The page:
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Screenshot courtesy of State Symbols USA

The website also has a place for students to submit stories and information about their particular state.  I really enjoyed meeting my state standards in such a fun, innovative, and easy format.  My students learned some interesting facts about Alaska during their tour of the website, and it was simple to navigate and fun to use.

Benny’s Flag

We took some time on the website to look at all of the state flags in our nation.  They are as varied and unique as the states themselves, but my students could not quite understand the meaning and importance of the flag of Alaska.  Why was it blue? IMG_0796What do the stars represent?  So, one morning, I pulled them to my carpet for Reader’s Workshop, and I read the lovely picture book Benny’s Flag, written by Phyllis Krasilovsky and illustrated by Jim Fowler.

As I read the story, my students were captivated by the haunting illustrations that brought the simple text to life.  The author did a very thoughtful job of sharing the positive attitude and outlook of Benny Benson to the reader.

Benny was a young Aleut boy with a tragic past.  He was born in the remote Alaskan fishing village of Chignik, and due to heartbreaking circumstances, was raised in an orphanage during most of his childhood.  It was his positive outlook and spirit that really inspired my students.

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Benny Benson holding the Alaska flag at the Jesse Lee Home, Seward, Alaska. ASL-P01-1921, Alaska State Library-Historical Collections. Photo courtesy MS14-1-1 Alaska State Library.

Before 1927, Alaska did not have a flag of its own.  Since 1867, when the United States purchased Alaska from Russia, Alaska had only flown the United States flag.  In 1926, territorial Governor George Parks decided to create a contest for children to design a special flag for the territory.  This flag would one day become the state flag and be a symbol for so many.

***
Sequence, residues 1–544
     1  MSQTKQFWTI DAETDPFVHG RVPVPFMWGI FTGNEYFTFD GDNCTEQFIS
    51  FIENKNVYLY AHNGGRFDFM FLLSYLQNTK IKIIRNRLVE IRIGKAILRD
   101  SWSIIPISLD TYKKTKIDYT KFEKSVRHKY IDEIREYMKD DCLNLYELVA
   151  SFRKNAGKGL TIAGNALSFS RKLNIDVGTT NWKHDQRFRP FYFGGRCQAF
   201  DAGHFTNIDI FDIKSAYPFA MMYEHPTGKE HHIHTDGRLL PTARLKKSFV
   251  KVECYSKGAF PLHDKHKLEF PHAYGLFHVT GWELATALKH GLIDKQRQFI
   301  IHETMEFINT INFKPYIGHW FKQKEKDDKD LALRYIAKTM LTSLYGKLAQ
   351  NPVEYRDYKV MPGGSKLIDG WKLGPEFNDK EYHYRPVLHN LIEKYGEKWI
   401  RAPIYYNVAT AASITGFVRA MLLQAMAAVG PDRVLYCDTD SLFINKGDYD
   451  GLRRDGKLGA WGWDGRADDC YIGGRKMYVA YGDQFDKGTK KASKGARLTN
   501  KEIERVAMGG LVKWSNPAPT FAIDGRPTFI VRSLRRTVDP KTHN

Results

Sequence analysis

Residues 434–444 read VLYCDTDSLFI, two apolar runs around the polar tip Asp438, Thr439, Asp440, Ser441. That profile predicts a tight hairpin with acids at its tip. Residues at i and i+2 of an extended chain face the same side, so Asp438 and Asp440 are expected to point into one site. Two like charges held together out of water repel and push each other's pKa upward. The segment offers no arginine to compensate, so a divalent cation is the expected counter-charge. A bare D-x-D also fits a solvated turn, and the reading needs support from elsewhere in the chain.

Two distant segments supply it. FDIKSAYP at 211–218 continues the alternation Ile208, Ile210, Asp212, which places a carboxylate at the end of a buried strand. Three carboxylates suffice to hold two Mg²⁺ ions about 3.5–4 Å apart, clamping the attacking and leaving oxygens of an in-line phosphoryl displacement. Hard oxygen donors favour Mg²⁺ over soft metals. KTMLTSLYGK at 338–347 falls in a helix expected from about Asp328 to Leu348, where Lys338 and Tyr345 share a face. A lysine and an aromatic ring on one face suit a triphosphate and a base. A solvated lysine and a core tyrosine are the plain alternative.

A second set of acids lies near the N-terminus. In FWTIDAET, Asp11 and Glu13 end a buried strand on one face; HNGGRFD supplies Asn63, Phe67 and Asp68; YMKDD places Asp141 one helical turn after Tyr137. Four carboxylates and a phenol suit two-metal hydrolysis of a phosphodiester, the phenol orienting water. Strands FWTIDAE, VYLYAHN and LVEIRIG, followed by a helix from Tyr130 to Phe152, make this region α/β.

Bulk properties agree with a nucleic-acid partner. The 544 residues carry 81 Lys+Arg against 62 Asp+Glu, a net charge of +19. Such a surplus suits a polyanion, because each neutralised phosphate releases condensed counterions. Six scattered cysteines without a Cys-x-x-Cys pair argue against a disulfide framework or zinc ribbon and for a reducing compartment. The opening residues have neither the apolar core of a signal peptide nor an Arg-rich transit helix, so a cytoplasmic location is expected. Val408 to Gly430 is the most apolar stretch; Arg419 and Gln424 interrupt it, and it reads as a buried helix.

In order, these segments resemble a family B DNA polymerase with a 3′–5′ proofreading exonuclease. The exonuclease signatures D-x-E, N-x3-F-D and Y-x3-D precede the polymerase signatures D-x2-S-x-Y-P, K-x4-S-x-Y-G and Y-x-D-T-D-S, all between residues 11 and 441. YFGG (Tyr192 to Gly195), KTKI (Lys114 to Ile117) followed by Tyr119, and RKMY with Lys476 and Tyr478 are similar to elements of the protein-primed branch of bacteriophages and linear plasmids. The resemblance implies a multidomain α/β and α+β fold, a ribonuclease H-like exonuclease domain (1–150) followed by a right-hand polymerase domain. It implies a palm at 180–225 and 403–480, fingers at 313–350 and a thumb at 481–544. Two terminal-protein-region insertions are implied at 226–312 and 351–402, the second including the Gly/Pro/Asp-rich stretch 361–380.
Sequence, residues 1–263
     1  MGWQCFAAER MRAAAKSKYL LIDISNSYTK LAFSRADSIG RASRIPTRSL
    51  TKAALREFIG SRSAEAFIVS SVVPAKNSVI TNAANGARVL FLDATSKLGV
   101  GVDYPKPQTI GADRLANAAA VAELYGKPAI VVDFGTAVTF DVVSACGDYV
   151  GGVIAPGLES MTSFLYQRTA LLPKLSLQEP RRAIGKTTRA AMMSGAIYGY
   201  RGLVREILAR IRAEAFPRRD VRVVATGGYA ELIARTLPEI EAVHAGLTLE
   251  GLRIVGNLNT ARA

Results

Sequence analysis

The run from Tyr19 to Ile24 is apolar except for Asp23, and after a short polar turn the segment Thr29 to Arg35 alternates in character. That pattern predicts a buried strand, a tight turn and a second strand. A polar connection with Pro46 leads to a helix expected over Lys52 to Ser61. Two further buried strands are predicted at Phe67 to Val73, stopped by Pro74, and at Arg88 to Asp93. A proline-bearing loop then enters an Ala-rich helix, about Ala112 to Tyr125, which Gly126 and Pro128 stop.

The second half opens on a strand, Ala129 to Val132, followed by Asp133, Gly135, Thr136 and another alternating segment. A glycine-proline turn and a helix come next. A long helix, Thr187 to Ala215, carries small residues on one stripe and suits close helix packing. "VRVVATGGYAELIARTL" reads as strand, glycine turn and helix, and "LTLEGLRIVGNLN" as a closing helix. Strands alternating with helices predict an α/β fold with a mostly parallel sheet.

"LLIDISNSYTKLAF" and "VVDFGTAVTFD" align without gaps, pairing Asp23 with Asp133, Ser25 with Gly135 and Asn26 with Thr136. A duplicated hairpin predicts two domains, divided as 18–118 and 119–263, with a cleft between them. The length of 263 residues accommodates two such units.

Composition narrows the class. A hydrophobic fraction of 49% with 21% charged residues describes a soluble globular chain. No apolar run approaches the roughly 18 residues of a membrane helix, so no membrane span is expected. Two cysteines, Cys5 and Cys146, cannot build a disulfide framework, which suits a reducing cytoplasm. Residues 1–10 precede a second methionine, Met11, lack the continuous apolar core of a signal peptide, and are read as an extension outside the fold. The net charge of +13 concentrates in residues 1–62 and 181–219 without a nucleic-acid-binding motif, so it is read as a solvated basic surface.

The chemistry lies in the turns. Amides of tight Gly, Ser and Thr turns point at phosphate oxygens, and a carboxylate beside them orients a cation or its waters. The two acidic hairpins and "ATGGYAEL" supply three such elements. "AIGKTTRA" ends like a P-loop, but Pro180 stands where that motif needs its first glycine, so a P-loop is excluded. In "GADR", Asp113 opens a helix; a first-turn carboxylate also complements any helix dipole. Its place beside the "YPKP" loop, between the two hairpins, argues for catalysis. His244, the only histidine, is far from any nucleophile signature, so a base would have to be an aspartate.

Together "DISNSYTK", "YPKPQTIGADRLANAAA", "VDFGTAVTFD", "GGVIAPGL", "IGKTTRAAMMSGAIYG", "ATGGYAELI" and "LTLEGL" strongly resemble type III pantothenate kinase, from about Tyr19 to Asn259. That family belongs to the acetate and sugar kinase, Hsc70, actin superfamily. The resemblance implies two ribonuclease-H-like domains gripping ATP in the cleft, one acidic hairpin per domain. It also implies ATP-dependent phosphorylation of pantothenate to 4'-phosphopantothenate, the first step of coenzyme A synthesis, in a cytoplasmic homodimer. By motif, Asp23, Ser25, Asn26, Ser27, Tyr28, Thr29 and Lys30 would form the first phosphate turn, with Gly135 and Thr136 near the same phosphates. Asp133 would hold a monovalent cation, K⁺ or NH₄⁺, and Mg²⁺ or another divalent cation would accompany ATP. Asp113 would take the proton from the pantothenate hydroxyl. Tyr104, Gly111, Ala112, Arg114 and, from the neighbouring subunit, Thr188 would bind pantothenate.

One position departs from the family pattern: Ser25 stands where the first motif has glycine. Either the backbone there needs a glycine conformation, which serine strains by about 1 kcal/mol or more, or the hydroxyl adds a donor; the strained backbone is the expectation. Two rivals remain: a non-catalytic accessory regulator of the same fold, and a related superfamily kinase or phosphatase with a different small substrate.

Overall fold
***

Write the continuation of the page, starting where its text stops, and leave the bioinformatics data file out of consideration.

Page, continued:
Benny dreamed of one day becoming a humble, Alaska fisherman, and his dreams helped inspire his design for the flag of Alaska we know today.  In May of 1927, Benny’s flag captivated the judging panel and was adopted as the official territorial flag.  What an honor and an uplifting experience for such a young person.  My students were captivated by this!  I must admit, I was tearful and deeply moved finishing the book, something my students become used to year to year!

Benny’s Flag left us wanting to know more.  So, I turned to the Alaska Historical Society which had a great deal of information and some photographs of Benny from this time period.  I reached out to the library in Juneau, and they graciously agreed to allow me to share these special photographs from the collection in this post.

I especially love what Benny wrote on his actual submission,

”The blue field is for the Alaska sky and the forget-me-not, an Alaska flower. The North Star is for the future of the state of Alaska, the most northerly in the Union. The dipper is for the Great Bear – symbolizing strength.”

Referring back to our time spent investigating the state symbols on the State Symbols USA site, it all made sense to my students now!  We talked about what an amazing opportunity it must have been to be a child and design a flag that would be admired by so many.  “Let’s design our own flags!” Lucas said.  We all agreed to jump into our fun project, and I asked my class if we should try and create our own version of the Alaska state flag. “No!  That would be disrespectful to Benny!”  So, a change of plans were in order!  We decided to create our own flags.

Fraction and Decimal Flags